Herbert henry asquith
Herbert henry asquith
Sir Rt Hon. Earl Herbert Henry Asquith KG PC
(1852-1928)

Died aged c. 76

Herbert Henry Asquith, 1st Earl of Oxford and Asquith, KG, PC, KC (12 September 1852 – 15 February 1928), generally known as H. H. Asquith, served as the Liberal Prime Minister of the United Kingdom from 1908 to 1916, the last to lead that party in government without a coalition. Asquith took his nation into the First World War, but resigned amid political conflict in December 1916 and David Lloyd George became prime minister. Asquith was born in the West Riding of Yorkshire. His father owned a small establishment in the woollen trade, but died when his son was age 7, and after a brief stay with an uncle, the young Asquith spent the remainder of his childhood at boarding school and lodged with families not his own. He was educated at City of London School and Balliol College, Oxford. He trained as a barrister at Lincoln's Inn, but after being called to the bar, received few briefs in his early years. Thereafter he gained prominence for his legal skills. In 1886, he was adopted as Liberal candidate for East Fife, a seat he held over thirty years. In 1892, he was appointed as Home Secretary in Gladstone's fourth ministry, remaining in the post until the Liberals lost the 1895 election. In the decade of opposition that followed, Asquith became a major figure in the party, and when the Liberals regained power under Sir Henry Campbell-Bannerman in 1905, Asquith was named as Chancellor of the Exchequer. In 1908, when the dying Campbell-Bannerman resigned, Asquith succeeded him as prime minister, with Lloyd George as chancellor . With their first majority government since the 1880s, the Liberals were determined to advance their agenda. An impediment to this was the unelected House of Lords, dominated by the Conservatives. When Lloyd George proposed, and the House of Commons passed, the People's Budget of 1909, the Lords rejected it. Asquith called an election for January 1910, and the Liberals won, though only with a minority government. Although the Lords then passed the budget, Asquith was determined to reform the upper house, and after another general election in December 1910 gained passage of the Parliament Act 1911, allowing a bill three times passed by the Commons in consecutive sessions to be enacted regardless of the Lords. Asquith was less successful in dealing with Irish Home Rule; repeated crises led to gun running and violence, a pattern that continued past the start of the First World War in 1914. Asquith's action in taking the country to war has been described as the most important individual prime ministerial decision of the nineteenth and twentieth centuries, and he did it with Britain united. Historians have also acknowledged the contribution to Britain's ultimate success made by some his early decisions on national mobilisation; the despatch of the British Expeditionary Force, the creation of a mass army, and the development of an industrial strategy designed to support the country's war aims. But Asquith's technique of acting as mediator among talented cabinet members such as Lloyd George and Winston Churchill was less effective in war than in peace, and difficulties with the war effort led him to form a coalition government with the Conservatives early in 1915. Continued crises, over conscription, the Irish Home Rule movement, and as a result of military failures, shook the confidence of MPs in him, and when conflict with Lloyd George erupted in December 1916, Asquith could not keep their support, and he resigned. Asquith remained as leader of the Liberal Party, but the internal conflict, both during and after the war, helped demolish the party's electoral prospects as Labour continued its rise to be the party of the left. Asquith accepted a peerage after his final parliamentary campaign (in 1924) ended in defeat; he died in 1928. His role, both in the First World War and in the fall of the Liberal Party, remains controversial.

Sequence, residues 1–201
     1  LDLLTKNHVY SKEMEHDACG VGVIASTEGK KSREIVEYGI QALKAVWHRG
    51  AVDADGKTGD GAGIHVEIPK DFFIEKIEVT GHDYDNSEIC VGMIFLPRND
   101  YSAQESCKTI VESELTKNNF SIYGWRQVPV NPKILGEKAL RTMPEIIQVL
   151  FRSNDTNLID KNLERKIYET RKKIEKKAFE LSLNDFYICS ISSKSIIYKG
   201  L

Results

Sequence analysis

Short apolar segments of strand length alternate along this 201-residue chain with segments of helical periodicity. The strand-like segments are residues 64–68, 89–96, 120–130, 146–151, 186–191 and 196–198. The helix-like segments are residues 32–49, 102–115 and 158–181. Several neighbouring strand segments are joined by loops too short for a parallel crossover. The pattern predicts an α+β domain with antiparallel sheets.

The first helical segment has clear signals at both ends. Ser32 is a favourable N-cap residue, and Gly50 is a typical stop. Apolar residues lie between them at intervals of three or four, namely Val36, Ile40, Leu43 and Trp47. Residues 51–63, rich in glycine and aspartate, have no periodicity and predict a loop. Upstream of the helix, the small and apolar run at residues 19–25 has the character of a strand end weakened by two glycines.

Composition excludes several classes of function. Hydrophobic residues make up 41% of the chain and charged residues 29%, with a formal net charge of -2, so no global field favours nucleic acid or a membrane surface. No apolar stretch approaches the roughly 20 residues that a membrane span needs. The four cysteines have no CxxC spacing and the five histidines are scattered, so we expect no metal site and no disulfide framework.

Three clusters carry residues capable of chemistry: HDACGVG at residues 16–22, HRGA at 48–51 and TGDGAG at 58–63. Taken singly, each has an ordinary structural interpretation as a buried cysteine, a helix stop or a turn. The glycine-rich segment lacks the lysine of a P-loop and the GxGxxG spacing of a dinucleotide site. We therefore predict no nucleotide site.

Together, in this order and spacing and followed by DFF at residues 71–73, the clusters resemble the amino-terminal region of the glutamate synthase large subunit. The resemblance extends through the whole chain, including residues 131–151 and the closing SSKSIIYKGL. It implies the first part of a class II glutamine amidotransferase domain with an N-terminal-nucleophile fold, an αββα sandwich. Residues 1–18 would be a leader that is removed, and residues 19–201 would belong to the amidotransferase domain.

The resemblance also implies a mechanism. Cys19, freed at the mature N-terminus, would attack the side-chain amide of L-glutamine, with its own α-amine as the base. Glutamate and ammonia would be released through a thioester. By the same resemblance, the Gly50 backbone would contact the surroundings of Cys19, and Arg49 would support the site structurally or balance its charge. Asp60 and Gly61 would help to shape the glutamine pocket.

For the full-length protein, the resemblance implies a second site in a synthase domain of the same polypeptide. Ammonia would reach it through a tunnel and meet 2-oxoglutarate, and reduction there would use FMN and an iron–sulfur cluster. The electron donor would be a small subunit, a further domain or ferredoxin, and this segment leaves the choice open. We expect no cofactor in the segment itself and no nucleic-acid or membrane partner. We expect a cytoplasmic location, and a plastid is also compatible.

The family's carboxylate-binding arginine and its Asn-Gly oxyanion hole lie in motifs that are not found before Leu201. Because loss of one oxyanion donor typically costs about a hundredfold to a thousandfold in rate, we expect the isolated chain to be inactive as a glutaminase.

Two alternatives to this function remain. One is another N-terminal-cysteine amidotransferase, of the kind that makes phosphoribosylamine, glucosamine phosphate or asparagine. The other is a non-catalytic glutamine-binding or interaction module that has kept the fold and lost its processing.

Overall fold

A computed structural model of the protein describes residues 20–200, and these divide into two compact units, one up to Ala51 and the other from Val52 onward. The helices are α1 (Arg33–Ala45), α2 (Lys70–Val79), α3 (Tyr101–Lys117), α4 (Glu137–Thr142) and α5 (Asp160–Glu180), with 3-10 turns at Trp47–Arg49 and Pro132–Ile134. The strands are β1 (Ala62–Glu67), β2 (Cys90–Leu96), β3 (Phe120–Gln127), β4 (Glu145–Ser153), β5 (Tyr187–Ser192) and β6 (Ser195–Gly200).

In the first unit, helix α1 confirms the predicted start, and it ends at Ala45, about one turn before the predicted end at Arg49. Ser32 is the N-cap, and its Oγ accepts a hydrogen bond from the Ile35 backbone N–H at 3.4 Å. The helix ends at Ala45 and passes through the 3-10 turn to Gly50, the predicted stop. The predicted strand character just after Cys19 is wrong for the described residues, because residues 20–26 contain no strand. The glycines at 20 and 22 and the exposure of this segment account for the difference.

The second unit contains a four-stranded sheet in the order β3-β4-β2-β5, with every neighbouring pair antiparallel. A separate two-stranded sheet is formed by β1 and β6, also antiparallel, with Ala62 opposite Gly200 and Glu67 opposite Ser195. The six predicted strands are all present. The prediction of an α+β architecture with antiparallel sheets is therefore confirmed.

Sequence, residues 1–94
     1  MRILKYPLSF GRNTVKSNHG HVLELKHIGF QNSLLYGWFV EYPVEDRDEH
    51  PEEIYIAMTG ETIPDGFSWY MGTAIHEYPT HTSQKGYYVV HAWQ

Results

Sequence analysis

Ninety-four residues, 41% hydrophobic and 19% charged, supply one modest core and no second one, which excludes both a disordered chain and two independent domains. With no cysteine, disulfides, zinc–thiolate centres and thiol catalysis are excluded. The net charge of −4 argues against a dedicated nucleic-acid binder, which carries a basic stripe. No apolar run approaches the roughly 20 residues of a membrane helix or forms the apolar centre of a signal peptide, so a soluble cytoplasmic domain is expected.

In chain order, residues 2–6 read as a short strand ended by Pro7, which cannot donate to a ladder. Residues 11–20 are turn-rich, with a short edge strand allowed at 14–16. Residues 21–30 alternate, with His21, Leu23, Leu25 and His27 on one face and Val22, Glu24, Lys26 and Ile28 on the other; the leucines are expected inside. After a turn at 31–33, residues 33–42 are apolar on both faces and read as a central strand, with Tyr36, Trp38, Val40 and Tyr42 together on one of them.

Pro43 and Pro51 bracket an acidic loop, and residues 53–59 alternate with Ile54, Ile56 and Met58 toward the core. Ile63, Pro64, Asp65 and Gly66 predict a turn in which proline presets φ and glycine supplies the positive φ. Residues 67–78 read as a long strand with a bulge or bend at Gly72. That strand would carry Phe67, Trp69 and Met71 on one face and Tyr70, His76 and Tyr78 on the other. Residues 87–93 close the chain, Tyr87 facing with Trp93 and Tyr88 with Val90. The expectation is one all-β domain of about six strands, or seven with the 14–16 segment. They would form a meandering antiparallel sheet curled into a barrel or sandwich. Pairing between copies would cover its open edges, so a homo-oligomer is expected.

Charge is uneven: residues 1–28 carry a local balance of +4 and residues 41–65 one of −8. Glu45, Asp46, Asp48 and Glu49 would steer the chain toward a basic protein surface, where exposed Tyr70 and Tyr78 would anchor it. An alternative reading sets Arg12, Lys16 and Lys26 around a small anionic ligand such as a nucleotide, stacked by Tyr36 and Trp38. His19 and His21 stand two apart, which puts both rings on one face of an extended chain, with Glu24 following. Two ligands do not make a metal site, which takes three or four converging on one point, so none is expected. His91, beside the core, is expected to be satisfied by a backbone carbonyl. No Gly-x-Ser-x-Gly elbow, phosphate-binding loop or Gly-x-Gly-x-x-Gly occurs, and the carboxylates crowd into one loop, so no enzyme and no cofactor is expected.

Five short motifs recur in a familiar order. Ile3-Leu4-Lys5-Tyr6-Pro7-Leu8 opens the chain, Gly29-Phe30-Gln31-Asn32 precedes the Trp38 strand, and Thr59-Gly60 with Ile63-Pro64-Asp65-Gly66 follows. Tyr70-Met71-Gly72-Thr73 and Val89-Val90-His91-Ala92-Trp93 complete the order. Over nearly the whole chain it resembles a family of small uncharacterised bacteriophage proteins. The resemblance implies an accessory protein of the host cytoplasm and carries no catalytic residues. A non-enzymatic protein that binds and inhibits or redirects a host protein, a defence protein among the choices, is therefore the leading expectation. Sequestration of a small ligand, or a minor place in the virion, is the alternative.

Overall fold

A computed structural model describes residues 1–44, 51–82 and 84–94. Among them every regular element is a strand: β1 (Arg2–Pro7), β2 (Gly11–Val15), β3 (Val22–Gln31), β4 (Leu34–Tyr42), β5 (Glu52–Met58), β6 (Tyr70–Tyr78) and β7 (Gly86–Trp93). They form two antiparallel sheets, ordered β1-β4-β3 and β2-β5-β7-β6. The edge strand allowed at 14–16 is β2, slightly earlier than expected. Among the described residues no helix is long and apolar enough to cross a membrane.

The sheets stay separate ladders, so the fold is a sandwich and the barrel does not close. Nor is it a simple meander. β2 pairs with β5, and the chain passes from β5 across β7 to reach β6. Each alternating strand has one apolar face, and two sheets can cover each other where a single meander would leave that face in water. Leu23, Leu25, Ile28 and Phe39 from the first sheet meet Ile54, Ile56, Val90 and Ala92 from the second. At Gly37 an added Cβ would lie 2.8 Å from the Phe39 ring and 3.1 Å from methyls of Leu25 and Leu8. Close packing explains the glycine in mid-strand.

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Commemorated on 3 plaques